Building on the coast or in flood-prone areas requires adherence to FEMA guidelines, which are designed to reduce flood damage and costs. The agency determines the base flood elevation (BFE) on each site, which defines where a building’s ground floor must be built to qualify for a building permit and the National Flood Insurance Program.
When building on low-lying sites, developers turn to flood proofing strategies—the most common of which is dry flood proofing. In a dry flood proofed building, all elements of the structure are protected from rising water by hydrostatic slabs and walls, while flood panels are utilized at all entrances prior to flood events. This strategy has two major drawbacks.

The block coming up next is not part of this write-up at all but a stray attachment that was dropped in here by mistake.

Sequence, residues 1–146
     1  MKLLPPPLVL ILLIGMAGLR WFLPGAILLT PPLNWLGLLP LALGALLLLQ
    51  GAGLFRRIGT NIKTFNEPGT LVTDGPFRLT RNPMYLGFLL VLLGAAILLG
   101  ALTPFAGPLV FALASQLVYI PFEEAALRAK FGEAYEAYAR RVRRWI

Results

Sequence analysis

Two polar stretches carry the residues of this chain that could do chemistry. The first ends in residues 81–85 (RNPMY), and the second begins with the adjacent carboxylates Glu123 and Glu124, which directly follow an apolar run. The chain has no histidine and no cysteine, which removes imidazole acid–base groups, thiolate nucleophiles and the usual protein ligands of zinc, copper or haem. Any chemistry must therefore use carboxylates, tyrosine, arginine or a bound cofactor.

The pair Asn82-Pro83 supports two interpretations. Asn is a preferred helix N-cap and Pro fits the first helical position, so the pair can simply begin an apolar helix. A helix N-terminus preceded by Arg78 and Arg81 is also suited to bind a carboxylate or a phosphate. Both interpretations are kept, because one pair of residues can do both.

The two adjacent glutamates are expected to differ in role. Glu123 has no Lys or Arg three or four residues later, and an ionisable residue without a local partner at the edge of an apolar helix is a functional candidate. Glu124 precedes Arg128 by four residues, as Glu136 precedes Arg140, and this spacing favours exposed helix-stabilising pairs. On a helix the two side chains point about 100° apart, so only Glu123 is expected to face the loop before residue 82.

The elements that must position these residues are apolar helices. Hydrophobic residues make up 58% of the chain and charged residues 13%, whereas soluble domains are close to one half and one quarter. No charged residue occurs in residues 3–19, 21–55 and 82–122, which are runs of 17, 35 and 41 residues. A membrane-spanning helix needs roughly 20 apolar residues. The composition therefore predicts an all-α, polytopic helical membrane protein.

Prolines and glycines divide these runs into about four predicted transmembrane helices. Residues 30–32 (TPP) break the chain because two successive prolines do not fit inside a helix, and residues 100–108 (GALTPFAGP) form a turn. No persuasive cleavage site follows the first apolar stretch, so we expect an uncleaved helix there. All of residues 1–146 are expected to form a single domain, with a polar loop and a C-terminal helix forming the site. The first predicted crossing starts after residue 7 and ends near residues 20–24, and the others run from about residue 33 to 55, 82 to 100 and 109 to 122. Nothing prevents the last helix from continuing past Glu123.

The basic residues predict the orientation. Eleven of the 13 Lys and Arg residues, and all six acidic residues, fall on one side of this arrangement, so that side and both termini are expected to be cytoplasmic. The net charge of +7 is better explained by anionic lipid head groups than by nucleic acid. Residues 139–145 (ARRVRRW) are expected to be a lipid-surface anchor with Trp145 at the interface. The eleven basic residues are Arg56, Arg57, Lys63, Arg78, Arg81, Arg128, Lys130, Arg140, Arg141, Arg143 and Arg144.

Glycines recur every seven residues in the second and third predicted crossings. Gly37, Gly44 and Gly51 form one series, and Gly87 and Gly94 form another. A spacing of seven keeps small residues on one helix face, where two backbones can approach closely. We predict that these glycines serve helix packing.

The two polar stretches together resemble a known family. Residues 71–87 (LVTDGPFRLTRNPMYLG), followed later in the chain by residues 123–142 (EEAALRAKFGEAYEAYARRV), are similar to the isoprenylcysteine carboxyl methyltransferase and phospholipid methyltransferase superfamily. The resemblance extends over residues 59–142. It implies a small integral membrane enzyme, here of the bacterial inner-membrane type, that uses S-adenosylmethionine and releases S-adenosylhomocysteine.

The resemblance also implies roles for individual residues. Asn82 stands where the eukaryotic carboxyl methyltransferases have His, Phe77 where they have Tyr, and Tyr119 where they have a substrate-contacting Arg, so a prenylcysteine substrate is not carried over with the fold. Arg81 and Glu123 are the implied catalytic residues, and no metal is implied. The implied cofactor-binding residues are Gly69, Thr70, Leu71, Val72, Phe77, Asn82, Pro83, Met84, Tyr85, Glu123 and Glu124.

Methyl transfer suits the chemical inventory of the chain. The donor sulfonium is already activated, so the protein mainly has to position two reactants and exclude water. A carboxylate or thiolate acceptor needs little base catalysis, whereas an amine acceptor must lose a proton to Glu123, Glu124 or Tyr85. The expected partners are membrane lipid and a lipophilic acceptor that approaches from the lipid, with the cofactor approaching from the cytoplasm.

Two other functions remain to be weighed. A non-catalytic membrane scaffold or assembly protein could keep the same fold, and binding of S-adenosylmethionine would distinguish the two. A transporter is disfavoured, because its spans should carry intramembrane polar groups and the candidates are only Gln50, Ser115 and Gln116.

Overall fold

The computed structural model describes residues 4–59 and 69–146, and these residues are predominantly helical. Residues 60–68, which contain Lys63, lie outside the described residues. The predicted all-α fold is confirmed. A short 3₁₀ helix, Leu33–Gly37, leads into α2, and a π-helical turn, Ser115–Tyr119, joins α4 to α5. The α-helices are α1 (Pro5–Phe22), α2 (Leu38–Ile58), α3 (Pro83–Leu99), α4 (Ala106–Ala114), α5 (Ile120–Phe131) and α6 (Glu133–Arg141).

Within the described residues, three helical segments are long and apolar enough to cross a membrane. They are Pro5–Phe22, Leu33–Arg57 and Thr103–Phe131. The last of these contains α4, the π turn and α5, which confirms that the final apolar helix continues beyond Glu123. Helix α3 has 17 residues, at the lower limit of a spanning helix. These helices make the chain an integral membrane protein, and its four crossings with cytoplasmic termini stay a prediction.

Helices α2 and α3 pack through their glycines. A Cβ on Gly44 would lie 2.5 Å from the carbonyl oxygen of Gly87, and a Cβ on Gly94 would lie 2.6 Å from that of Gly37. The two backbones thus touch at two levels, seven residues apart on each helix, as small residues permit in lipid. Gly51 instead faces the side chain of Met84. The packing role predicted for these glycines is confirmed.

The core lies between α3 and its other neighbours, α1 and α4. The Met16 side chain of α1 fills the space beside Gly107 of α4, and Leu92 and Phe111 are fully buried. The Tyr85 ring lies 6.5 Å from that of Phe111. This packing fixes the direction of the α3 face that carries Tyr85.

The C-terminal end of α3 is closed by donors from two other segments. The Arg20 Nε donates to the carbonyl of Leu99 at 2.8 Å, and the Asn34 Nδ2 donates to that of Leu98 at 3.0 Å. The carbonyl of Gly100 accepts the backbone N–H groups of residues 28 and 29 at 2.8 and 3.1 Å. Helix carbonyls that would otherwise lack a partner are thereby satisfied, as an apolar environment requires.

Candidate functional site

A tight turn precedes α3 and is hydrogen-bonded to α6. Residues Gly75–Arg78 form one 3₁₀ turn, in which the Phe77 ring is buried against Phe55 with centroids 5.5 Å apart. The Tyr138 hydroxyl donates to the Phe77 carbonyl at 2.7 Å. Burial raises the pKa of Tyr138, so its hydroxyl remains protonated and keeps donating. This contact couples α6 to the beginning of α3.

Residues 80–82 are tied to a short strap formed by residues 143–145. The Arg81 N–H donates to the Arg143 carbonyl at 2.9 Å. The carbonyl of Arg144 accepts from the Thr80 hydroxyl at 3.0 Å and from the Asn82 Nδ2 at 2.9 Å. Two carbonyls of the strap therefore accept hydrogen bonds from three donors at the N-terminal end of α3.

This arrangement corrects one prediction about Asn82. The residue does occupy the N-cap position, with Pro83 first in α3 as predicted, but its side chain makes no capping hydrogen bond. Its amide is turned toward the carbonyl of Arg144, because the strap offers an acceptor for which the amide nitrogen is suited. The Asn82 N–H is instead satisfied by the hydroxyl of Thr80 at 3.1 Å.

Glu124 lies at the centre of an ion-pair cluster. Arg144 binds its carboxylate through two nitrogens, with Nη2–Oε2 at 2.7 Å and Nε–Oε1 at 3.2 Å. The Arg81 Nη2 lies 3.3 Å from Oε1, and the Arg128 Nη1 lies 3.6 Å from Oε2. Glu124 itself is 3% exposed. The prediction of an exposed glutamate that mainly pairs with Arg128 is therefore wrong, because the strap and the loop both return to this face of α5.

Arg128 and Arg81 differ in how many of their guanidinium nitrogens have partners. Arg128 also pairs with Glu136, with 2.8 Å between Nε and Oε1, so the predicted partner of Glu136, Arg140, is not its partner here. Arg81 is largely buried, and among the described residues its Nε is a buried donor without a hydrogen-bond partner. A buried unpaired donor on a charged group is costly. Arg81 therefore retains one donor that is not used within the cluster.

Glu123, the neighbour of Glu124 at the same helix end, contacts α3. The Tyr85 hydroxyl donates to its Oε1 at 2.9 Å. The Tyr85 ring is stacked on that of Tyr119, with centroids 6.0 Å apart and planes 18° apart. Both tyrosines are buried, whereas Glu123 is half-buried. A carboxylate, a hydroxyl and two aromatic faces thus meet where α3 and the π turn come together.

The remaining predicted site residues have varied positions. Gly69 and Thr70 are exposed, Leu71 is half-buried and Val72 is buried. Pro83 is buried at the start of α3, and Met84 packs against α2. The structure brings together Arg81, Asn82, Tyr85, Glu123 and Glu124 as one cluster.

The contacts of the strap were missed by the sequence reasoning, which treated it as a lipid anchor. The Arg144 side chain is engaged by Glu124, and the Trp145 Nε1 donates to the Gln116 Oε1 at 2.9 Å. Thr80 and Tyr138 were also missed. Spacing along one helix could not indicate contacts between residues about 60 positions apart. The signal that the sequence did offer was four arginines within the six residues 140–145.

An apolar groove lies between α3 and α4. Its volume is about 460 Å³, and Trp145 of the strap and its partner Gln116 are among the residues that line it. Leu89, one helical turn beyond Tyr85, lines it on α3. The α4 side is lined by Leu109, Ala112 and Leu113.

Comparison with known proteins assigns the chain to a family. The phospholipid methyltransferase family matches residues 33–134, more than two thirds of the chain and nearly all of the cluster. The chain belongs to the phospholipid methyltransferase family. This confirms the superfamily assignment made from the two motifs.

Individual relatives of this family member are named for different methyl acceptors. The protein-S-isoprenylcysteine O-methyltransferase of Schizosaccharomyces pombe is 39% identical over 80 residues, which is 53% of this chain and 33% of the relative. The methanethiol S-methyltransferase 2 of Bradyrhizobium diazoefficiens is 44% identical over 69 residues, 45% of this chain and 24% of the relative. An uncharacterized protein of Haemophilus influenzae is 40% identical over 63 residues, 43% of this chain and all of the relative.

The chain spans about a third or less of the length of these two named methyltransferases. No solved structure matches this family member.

My home—Miami—and others must adopt a strategy that allows for flooding to occur while reducing the costs of rebuilding.
First, the cost of hydrostatic construction and flood panels is often substantially higher than wet flood proofing—allowing water into the building. Second, and more importantly, there is no guarantee that it will work.
FEMA post-storm evaluations document significant failures of dry flood proofing systems. These systems are only as effective as their weakest link, and there is a serious potential for failure, especially when storm surge is higher than the BFE of the site. All it takes is one weak link in the system to negate all the work that went into preparing for a flood. As growing coastal communities face a future of increased flooding and storm events, my home—Miami—and others must adopt a strategy that allows for flooding to occur while reducing the costs of rebuilding.